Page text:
Hello all! I am finally awake from my slumber. If you like nice food, you might know of Chubby Hubby. I am a fan of his blog. He eats well, he writes well, his pictures are pretty, and I also really trust his taste. Some months ago, he declared Keiji Nakazawa of Sushi Sho the best sushi chef in the world. That was a huge compliment paid. And truly well deserved I found out.
Friends and I booked weeks ahead and got a 9pm slot on Friday night. The cosy restaurant in Yotsuya, Tokyo seats ten around a sushi counter. We spotted Chef Keiji Nakazawa, who helms Sushi Sho, busy attending to the group beside us. Chef Shingo Takahashi, protege of Chef Nakazawa and who would be responsible for our gorgeous dinner tonight, speaks some English, much to our delight.
From my travels in Japan, I have been fortunate to have tasted possibly some of the sweetest, freshest seafood in the world – fatty tuna that simply melts in your mouth, sea urchin that might as well have been ice cream, scallops both crunchy and tender in one bite, pea-sized salmon roe that pop into a sea of salty goodness. All extremely high quality seafood, but now surpassed, now that I have met Sushi Sho.
Through the hands of Chef Takahashi, we have quantum leaped into a whole new league of sushi cuisine. We ate through a set course of sushi and other seafood so exquisite it was surreal.
We had a lot of firsts tonight. From the extraordinary ingredients, to the deliberation in preparation, and to the harmony of flavours, of textures, of temperatures, everything was impeccable.
The gizzard shad (kohada) so skillfully scored with a crisscross pattern had been cured with salt and pickled in vinegar. The hint of vinegar tartness reined in the strong taste of the fish for a perfect balance of acidity and oil.
The lightly grilled splendid alfonsino (kinmedai-no aburi) was warm and buttery, a delightful combination that drew nods of approval. The boiled octopus (tako) was so incredibly tender and succulent with the umami flavours of the ocean we could not hold back gasps.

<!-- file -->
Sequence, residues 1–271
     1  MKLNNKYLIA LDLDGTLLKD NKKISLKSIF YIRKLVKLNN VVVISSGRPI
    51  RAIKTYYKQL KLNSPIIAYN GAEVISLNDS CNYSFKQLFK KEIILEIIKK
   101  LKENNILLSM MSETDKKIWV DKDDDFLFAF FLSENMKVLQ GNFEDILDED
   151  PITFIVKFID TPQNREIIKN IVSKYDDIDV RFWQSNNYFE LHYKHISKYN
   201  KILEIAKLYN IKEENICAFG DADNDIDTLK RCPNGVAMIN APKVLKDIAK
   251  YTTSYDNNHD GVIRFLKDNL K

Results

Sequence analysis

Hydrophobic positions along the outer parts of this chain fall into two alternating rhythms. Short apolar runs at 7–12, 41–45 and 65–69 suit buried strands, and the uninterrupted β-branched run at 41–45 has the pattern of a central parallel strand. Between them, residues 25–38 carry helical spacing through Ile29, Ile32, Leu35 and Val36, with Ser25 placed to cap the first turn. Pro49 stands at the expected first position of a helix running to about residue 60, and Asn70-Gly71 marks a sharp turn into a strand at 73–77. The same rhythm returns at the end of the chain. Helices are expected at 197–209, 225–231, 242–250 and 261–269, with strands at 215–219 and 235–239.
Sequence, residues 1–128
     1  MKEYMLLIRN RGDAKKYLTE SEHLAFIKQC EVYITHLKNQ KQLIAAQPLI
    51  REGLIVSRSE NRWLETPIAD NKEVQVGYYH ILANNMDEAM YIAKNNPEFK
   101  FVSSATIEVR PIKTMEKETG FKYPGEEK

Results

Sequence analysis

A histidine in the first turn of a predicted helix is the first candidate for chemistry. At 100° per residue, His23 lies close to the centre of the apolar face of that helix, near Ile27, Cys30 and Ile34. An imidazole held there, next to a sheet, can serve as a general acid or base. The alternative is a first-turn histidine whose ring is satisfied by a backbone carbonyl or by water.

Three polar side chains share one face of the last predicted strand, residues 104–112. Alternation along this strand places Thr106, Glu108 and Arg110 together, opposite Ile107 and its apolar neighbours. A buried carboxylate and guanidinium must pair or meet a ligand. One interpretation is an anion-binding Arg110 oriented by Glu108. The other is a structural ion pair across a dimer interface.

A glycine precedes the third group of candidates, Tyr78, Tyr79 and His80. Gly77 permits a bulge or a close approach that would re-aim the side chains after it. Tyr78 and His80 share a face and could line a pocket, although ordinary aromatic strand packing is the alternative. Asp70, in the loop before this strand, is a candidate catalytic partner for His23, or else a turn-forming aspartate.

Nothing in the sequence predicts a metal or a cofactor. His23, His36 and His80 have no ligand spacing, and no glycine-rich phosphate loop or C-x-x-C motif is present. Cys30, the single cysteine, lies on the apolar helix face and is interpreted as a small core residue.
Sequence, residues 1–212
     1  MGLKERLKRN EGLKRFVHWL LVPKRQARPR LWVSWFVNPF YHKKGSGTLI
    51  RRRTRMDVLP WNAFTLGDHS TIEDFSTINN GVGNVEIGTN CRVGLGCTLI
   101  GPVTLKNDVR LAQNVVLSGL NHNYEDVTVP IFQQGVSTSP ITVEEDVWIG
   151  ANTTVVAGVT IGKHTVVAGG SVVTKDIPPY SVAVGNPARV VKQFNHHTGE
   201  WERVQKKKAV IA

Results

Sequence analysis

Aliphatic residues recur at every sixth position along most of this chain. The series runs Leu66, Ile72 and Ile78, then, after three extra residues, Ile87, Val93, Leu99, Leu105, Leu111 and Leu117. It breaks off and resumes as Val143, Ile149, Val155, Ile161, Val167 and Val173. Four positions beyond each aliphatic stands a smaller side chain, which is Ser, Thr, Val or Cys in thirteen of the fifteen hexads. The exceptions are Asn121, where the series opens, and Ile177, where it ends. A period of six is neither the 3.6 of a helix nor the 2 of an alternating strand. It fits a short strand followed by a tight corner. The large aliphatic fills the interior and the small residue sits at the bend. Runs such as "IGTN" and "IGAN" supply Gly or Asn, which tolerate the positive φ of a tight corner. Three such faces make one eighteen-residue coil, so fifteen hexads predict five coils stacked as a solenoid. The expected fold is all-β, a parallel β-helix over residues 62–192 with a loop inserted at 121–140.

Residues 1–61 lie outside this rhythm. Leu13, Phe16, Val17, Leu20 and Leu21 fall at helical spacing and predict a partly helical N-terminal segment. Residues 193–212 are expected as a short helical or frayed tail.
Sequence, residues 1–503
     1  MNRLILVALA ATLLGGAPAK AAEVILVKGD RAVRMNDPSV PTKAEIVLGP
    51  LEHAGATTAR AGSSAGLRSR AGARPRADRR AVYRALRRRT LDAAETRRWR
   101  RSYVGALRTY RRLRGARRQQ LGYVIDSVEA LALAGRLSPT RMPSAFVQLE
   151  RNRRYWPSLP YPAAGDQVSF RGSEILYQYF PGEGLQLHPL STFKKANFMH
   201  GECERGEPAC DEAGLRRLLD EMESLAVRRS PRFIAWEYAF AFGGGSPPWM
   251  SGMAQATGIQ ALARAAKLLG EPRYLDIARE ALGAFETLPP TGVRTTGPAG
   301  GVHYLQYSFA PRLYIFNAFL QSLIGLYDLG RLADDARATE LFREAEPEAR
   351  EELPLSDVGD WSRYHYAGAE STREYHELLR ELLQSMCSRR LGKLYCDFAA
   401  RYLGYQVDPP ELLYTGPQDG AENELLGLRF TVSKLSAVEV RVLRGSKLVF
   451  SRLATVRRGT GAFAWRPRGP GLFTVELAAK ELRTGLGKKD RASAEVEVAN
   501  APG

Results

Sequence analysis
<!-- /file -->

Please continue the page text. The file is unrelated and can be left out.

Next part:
So meticulous these masters are in the creation of the sushi, that even the choice and preparation of the sushi rice have been painstakingly thought out. Chef Takahashi explained that white rice is used for delicate seafood while red rice (from Ibaraki prefecture) is preferred for seafood that is more flavourful and fuller in body. The rice is then prepared with different vinegar profiles and paired with the seafood for optimal taste.
Served on red rice, the monk fish liver (ankimo) paired with a sliver of watermelon jelly was nothing short of unctuous decadence. Sea urchin (uni) typically served chilled was served lightly grilled on red rice at Sushi Sho – a morsel of sheer delight and indulgence (and I am not being biased here towards uni, it was mind-blowing I swear!)
Cod milt (shirako) is a Japanese delicacy most foreign palates are apprehensive about. This dish I guarantee would convert even the most tentative of diners. The milt was served pleasantly warm, and tasted like very delicate, very delicious egg white. The sprinkle of shichimi togarashi may seem elementary to the uninitiated but it was exactly what the milt needed for a spicy lift. How clever!
The tuna belly (toro and otoro), aged for ten days to allow for the flavour of the fish to mature, is a bite of unadulterated pleasure, character and complexity. Essentially a celebration of the astounding culinary intuition and prowess of the chef masters of Sushi Sho.
We had these among many other remarkable sushi tonight. It was clear as day masters were at work as everything was just perfect. Every piece of sushi and seafood was a wondrous balance of temperature and flavour. It was irreproachable.
With every course, Chef Takahashi returned our oohs and aahs, omigawds and oishii desu with a bashful smile, a slight bow and a “thank you thank you” with an endearing accent.
The attentiveness and consideration to our experience extended beyond our food. One of us was left-handed and by her second course, her tableware, sake glass and even placement of the sushi on her plate had been discreetly rearranged for her convenience.
This amazing 2.5 hours journey into Sushi Sho’s art and philosophy was an extravagance no doubt, but as Chubby Hubby said, it was worth every penny.
The restaurant’s menu changes every season. Chef Takahashi helpfully remarked that sea urchin is in season in summer. Can these great chefs read minds too now??Sushi Sho
Yorindo Building, 1F
1-11 Yotsuya Shinjuku-ku
Tel: +813.3351.6387 Written by jack.d Photographed by jack.d and leni.b